Meningitis cases hit record low in the UKRecent figures released to coincide with World Meningitis Day
Cases of bacterial meningitis in children are now at a record low , according to a new report released by the Director of Immunisation , Professor David Salisbury to coincide with World Meningitis Day.
The drop in cases of the potentaially fatal disease has been attributed to the vaccination programme directed against the three main types of meningitis.
Since the introduction of the Hib vaccine (Haemophilus influenzae type b) in 1992, case numbers have dropped by 99% from 800 a year to just 12 last year in children under the age of five. Similarly, an average of one death occurs a year caused by Meningitis C, compared with as many as 79 before the vaccine was introduced in 1999. It is also estimated that the pneumococcal vaccine has been responsible for the prevention of over 900 serious meninitis casesand saving 50 lives in the past two years
In the UK, the main cause of bacterial meningitis is by meningitis B. Currently, there is no vaccine against this.
Meningitis and septicaemia can be difficult to spot in young children. The bacterial form of the diseases is fatal in one in ten cases and urgent treatment is required. Many of those who recover are left with long-term conditions including hearing loss, brain damage, paralysis, and seizures.
Secretary of State for Health, Alan Johnson, said:
"The immunisation programme continues to improve and, last year, the first vaccine against cancer was introduced. All girls up to the age of 18 can now arm themselves against cervical cancer - saving up to 400 lives each year.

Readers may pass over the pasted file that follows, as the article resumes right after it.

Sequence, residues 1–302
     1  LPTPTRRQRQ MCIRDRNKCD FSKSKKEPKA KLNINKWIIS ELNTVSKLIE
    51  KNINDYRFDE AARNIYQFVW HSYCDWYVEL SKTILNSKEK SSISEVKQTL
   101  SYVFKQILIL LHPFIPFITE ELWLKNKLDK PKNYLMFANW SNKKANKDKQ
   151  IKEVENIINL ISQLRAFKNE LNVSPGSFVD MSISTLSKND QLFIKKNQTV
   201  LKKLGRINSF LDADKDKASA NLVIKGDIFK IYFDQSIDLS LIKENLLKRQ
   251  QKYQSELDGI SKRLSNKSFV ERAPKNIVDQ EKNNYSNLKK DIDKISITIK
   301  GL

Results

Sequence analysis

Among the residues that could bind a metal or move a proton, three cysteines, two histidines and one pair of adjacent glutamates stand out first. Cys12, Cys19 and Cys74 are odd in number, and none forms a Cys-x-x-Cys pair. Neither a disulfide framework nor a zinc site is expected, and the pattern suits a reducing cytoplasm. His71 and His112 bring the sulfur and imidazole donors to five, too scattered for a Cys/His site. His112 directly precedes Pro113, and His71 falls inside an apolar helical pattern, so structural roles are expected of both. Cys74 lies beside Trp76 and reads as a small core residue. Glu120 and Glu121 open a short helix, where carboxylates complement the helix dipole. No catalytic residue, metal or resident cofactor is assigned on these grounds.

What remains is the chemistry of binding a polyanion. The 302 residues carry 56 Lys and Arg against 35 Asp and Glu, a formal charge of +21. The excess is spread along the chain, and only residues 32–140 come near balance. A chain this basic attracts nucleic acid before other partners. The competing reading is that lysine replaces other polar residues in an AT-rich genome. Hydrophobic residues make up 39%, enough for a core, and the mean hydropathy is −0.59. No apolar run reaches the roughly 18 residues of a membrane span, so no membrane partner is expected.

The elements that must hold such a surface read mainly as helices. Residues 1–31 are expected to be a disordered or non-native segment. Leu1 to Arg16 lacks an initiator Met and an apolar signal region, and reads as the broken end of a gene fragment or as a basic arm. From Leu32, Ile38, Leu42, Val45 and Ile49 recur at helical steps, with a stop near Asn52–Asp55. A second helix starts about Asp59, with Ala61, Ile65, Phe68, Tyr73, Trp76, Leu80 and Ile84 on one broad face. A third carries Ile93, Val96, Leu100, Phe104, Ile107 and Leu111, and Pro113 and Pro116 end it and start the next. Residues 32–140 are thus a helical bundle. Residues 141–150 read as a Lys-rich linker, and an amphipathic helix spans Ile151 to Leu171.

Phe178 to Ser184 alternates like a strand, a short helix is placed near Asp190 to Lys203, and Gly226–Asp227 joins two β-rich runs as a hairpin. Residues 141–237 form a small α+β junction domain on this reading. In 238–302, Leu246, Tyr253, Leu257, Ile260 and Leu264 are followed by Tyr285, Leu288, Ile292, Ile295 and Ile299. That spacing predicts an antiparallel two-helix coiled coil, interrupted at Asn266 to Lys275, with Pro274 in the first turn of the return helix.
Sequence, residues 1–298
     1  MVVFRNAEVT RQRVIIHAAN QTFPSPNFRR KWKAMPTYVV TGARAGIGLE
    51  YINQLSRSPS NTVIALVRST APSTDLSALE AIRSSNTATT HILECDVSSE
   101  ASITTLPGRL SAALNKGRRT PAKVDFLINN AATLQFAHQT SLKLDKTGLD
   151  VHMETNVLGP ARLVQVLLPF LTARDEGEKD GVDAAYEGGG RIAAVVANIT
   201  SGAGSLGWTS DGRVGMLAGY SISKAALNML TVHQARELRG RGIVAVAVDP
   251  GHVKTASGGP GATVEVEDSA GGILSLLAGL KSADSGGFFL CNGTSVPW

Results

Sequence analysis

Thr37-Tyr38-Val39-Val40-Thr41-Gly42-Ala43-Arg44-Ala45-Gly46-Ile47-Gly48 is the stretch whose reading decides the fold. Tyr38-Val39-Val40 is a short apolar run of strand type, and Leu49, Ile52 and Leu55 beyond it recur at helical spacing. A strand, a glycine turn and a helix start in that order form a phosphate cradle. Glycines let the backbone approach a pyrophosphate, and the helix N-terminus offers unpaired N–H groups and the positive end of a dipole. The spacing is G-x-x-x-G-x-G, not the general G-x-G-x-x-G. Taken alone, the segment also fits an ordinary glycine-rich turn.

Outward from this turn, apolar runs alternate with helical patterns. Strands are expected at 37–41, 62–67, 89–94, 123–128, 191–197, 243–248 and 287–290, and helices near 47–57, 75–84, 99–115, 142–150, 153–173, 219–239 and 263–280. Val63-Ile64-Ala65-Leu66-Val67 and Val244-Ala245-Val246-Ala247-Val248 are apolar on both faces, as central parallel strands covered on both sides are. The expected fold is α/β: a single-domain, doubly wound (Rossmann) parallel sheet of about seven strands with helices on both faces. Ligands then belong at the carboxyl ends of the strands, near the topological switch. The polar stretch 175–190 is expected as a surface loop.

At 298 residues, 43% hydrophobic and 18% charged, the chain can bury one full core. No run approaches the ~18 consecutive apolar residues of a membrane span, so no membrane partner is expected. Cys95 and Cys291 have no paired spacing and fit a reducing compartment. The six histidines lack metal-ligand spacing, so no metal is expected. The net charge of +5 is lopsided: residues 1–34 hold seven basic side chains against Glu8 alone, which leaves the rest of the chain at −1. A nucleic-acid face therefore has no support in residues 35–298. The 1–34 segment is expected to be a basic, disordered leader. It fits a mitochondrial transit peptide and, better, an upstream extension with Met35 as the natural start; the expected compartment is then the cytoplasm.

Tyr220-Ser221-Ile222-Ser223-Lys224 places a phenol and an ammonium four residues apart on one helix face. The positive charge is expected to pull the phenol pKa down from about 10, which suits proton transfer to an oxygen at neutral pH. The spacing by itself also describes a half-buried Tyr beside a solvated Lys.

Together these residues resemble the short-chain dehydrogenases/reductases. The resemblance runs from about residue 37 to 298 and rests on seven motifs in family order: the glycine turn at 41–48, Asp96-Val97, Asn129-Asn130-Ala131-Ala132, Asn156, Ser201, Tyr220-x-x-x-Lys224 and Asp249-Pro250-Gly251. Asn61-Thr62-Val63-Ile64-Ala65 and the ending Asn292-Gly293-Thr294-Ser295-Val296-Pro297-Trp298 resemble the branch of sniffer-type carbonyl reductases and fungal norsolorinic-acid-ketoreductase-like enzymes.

"When the NHS was established 60 years ago, everyone knew someone touched by childhood disease. Today, thankfully, people barely know what polio and rubella are."
Department of Health Director of Immunisation, Professor David Salisbury, said:
"I am pleased to submit this report, published during European Immunisation Week, which highlights the great strides the NHS continues to take towards not just treating patients but preventing ill-health.
"According to the World Health Organization, vaccination sits alongside clean water as the public health measure that's had the biggest positive impact on the world's health. Thanks to our immunisation programme, 1000s of children, young people and their families have been - and will continue to be spared the misery of meningitis, polio, measles, and even cervical cancer."
The UK's three leading meningitis charities - Meningitis Research Foundation, Meningitis Trust and Meningitis UK - are raising awareness about World Meningitis Day on April 25.
Sue Davie, Speaking on behalf of the charities, Sue Davies said:
"We see the devastating impact of meningitis on people every day. There are vaccines for some forms of bacterial meningitis which are part of the UK childhood immunisation programme, saving many lives since their introduction.
It is really encouraging that a Meningitis B vaccine is in the pipeline but we must remain vigilant for the signs and symptoms of the disease."
To learn more about the signs and symptoms of meningitis:
Meningitis UK www.meningitisuk.org
This article was published on Sat 25 April 2009
Image © stelegin - Fotolia.com
Use this story
Link to this page
Printer friendly version